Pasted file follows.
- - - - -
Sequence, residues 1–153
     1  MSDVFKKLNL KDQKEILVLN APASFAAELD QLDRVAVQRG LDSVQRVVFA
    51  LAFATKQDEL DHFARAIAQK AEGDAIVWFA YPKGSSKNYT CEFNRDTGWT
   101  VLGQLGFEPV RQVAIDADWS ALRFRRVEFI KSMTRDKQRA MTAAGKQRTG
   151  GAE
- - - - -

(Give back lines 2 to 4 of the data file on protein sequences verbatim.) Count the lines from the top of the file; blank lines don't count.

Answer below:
     1  MSDVFKKLNL KDQKEILVLN APASFAAELD QLDRVAVQRG LDSVQRVVFA
    51  LAFATKQDEL DHFARAIAQK AEGDAIVWFA YPKGSSKNYT CEFNRDTGWT
   101  VLGQLGFEPV RQVAIDADWS ALRFRRVEFI KSMTRDKQRA MTAAGKQRTG